On September 1, the nation was shocked by the chilling findings of a 10-month enquiry by an independent commission into the abduction of Ahmed Rilwan Abdulla. The Maldives Independent journalist was murdered by a local extremist group linked to the al-Qaeda terrorist organisation, the presidential commission’s chair Husnu Suood told the press.
President Ibrahim Mohamed Solih promised justice as Rilwan’s grieving family called for the prosecution of former government officials “implicated in derailing and obstructing the police investigation.”
According to the commission, former vice president Ahmed Adeeb secured the release of two suspects who were allowed to leave the country on January 2015. Adeeb also tasked two police intelligence officers with obtaining a copy of Rilwan’s passport in a bid to create false news suggesting that he had left the country and died in Syria. The same officers followed Rilwan and intercepted his phone calls with a court warrant weeks before he was abducted, the commission found.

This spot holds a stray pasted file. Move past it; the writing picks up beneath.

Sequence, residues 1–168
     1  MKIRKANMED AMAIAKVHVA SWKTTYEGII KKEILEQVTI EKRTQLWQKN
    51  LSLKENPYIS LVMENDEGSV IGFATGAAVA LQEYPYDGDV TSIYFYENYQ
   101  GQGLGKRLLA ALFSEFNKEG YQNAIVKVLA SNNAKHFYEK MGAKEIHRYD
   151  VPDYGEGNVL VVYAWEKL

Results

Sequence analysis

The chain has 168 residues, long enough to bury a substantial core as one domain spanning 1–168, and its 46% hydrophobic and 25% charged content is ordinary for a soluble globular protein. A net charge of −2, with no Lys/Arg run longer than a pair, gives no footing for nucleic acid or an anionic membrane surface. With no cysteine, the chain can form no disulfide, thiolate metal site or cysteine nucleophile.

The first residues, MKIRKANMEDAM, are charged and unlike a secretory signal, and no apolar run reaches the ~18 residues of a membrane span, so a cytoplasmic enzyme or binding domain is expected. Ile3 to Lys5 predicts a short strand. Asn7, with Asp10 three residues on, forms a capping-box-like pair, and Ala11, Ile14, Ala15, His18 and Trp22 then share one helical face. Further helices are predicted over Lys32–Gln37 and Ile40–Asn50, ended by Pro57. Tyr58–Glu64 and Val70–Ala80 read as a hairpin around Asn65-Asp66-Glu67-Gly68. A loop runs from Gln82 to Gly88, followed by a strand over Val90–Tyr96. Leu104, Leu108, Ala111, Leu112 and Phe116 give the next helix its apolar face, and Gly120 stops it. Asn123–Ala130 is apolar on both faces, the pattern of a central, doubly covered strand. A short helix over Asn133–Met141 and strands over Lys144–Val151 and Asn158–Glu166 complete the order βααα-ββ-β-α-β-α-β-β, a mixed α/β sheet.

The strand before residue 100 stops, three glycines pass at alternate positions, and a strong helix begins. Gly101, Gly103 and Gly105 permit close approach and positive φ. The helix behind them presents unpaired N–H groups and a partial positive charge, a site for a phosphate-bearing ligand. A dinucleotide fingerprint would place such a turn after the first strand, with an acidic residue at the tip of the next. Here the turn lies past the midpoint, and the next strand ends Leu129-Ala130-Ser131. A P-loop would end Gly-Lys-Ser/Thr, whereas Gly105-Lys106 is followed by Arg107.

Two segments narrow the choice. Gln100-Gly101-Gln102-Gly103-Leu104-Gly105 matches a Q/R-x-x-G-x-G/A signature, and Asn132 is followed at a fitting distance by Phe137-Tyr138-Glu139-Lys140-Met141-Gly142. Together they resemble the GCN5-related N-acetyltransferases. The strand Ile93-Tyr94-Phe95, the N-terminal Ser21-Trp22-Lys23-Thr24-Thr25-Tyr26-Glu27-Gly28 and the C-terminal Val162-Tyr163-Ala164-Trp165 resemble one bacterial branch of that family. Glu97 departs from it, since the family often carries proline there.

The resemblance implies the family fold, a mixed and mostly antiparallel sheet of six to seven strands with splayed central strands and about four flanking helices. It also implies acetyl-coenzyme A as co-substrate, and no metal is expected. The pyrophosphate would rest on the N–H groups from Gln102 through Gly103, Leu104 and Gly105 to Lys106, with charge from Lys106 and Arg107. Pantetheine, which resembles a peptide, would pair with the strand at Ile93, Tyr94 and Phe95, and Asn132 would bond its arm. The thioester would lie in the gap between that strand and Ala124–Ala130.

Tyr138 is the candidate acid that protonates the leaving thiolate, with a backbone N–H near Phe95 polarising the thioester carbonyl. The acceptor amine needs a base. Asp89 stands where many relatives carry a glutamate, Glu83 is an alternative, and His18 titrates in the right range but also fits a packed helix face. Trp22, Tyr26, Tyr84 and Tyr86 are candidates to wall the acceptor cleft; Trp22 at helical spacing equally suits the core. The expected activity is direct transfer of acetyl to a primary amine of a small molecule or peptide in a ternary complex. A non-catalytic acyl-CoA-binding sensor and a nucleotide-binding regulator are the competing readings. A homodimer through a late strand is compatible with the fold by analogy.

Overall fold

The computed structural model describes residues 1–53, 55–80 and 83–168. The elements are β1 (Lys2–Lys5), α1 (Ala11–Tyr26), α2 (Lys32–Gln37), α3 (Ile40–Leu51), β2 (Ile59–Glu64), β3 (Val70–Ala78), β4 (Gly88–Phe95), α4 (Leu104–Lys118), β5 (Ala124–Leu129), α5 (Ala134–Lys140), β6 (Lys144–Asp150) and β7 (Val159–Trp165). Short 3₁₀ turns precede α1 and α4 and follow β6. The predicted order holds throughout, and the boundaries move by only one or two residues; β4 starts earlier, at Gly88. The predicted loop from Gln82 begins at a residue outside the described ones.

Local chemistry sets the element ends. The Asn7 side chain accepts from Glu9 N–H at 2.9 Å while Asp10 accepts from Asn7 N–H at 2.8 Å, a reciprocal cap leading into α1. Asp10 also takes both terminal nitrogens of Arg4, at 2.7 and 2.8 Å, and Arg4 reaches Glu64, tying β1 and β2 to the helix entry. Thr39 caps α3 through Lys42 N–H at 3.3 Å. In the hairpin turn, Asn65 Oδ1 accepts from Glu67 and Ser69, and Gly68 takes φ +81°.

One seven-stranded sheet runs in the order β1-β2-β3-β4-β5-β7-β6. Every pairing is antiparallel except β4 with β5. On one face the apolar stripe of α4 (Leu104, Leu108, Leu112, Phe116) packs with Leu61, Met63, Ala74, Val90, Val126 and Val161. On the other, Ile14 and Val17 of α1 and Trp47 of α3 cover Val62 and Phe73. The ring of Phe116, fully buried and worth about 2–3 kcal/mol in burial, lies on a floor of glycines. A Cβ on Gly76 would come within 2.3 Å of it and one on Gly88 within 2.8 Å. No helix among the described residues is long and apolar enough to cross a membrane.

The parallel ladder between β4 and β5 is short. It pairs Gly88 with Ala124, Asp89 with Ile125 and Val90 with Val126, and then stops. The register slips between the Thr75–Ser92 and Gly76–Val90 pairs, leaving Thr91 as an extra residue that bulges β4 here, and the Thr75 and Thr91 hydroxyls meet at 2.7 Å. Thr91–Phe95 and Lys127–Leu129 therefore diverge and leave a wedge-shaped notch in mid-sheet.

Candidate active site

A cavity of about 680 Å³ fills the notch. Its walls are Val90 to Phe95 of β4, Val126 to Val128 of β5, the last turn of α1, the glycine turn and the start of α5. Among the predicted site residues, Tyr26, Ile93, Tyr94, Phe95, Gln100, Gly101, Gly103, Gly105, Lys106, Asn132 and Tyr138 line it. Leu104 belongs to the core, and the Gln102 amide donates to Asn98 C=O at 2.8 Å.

Former president Abdulla Yameen tried to “divert” the focus of the investigation by sending police officers “all over the place,” Suood alleged.
The Progressive Party of Maldives released a statement contending that the information disclosed by Suood had been gathered by police during Yameen’s administration, a claim that was also made by former home minister Umar Naseer. The suspects named by the commission were arrested and prosecuted, the PPM said, referring to two suspects who were acquitted in August last year.
“Therefore, it has been revealed to the public today that claims made for years by the opposition parties then, linking president Abdulla Yameen with Minivan News journalist Ahmed Rilwan, are unsubstantiated and false and that there was no connection between [Rilwan’s] death and president Abdulla Yameen and his government.”
The PPM went on to condemn Home Minister Sheikh Imran Abdulla for failing to declare that the allegations levelled against Yameen had been untrue. The main opposition party also called the commission’s press briefing “uncivilised” and dismissed its claims against the opposition leader.
Pressed by reporters about the commission’s findings ahead of a campaign trip last week, Yameen refused to comment and referred to the PPM statement.
Rilwan’s family meanwhile despaired as outrage mounted over the failure to arrest suspects.
“(I have) no hope for getting justice for Rilwan. Police and the government were very much involved in killing Rilwan. I have no trust in Police anymore, the same officers are still there,” Rilwan’s sister Fathimath Shehenaz wrote on Twitter on Saturday.